Here’s a powerful bit from that story:

“I walked along through villages and twelve collective farms. Everywhere was the cry, ‘There is no bread. We are dying.’ This cry came from every part of Russia, from the Volga, Siberia, White Russia, the North Caucasus, and Central Asia. I tramped through the black earth region because that was once the richest farmland in Russia and because the correspondents have been forbidden to go there to see for themselves what is happening.”

Both the Russian government and the mainstream media denounced and attempted to discredit Gareth’s claims. Two days later, Walter Duranty — a Pulitzer Prize-winning journalist for the New York Times — published an article titled, “Russians Are Hungry But Not Starving.”

“Any report of a famine in Russia is today an exaggeration or malignant propaganda,” he wrote.

Kidnapped by Japanese outlaws

After the publication of his article, Gareth was banned from Russia and relegated to journalistic obscurity. He returned home to Barry to live with his parents and work as a junior reporter for a local outlet. After a few months, he got word that the Japanese had occupied Inner Mongolia. He left with another journalist — a German named Herbert Mueller — to investigate.

Jones at the Buddhist temple Borubudur in Indonesia. | Wales Online

While traveling by car in China from Dolonor to Kalgan — a trip of about 160 miles — Japanese bandits kidnapped both journalists. It’s unclear whether the Japanese or the Russian secret police (the NKVD) tipped off the bandits. What we know is that the bandits released Mueller, supposedly in the hopes that he might return with ransom money.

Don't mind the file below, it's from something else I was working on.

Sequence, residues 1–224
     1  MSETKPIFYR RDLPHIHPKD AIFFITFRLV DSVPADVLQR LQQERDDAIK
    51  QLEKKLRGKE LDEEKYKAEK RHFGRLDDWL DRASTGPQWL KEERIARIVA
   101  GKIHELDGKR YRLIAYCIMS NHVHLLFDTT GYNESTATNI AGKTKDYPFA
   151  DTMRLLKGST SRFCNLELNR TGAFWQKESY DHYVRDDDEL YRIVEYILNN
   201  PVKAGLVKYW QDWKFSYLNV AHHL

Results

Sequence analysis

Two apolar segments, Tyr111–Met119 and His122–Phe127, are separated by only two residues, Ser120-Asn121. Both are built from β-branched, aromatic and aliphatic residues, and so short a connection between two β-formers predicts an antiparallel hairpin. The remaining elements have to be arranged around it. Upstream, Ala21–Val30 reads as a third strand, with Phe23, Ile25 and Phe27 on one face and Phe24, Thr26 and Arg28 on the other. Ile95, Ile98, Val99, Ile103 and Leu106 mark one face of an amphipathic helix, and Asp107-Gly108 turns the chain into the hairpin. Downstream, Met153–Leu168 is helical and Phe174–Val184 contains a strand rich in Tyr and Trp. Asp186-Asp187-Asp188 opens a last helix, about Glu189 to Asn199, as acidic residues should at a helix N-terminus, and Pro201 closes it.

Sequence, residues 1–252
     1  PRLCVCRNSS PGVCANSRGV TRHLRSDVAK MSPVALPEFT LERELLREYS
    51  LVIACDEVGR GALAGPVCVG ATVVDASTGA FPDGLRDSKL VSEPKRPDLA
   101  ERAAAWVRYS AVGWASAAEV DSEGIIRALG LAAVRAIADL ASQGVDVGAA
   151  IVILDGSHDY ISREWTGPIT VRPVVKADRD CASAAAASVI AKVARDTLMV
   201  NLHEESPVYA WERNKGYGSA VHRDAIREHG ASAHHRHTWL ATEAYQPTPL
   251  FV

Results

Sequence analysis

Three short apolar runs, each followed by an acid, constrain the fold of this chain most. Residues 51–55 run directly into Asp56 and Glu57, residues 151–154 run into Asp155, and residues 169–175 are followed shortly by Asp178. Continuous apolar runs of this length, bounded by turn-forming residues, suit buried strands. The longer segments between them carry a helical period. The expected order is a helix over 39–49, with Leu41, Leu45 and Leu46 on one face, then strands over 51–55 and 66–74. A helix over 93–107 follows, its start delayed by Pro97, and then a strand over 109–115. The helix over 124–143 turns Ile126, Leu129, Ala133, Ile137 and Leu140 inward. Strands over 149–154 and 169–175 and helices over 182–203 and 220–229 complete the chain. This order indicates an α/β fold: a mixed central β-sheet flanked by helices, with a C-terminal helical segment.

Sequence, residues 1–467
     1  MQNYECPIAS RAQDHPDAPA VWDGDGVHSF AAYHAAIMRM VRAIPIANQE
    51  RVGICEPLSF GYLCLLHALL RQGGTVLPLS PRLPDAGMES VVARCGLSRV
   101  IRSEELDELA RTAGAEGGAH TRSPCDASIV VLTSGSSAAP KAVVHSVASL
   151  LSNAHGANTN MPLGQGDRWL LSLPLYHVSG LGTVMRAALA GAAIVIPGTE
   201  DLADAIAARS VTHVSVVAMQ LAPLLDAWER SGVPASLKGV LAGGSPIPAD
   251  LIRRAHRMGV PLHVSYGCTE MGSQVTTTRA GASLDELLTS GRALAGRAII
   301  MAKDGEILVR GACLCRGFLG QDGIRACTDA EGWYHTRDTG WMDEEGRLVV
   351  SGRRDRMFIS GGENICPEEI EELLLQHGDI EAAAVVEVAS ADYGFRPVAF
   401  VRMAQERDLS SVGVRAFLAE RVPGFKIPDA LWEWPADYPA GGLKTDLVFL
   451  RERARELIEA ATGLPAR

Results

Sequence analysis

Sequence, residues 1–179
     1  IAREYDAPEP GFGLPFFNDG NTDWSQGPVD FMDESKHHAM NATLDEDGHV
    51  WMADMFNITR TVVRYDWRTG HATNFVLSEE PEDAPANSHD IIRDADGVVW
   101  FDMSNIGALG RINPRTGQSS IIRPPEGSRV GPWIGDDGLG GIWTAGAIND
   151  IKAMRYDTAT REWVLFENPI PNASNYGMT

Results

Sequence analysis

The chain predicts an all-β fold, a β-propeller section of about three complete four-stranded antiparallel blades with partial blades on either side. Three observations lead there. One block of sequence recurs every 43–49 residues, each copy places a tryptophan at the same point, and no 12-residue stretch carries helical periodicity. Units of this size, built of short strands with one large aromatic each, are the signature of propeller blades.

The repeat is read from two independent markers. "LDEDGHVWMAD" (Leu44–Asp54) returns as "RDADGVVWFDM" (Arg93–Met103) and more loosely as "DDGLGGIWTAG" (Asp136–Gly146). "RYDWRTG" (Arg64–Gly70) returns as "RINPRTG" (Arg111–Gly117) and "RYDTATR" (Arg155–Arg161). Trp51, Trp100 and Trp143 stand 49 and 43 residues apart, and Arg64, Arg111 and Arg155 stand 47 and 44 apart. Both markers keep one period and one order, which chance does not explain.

Jones wasn’t so lucky. On August 12, 1935 — the day before what would have been his 30th birthday — the bandits shot and killed him.

George Carey — who directed the 2012 BBC documentary called “Hitler, Stalin and Mr. Jones” — says that investigations into Jones’ death revealed that he may have been set up. A man named Adam Purpis — who said he was a Latvian fur trader — loaned the journalists a car. Purpis was later proven to be an NKVD agent. There is also evidence suggesting that Mueller may have been a Russian agent himself.

Walter Duranty. | New York Times

Despite Gareth’s brave attempt to share the Ukrainian people’s suffering with the world, the truth about Holodomor did not come out until the late 80s, as the USSR was beginning to fall. In 1991, Ukraine won its independence and in 2006, the Ukrainian parliament decreed that Holodomor was a deliberate act of genocide. (To this day, the US does not officially recognize it as a genocide, choosing instead to call it “a criminal act” of Stalin’s regime.)

In 2008, Ukraine awarded Gareth the Ukrainian Order of Merit for services rendered to the country and its people. The New York Times later denounced Walter Duranty’s reporting on Russia, but the Pulitzer committee never revoked his Pulitzer Prize (they officially declined to do on more than one occasion).

Gareth Jones was likely aware that speaking out against Holodomor might come with severe repercussions. Nevertheless, he persisted — even at the expense of his reputation and his life.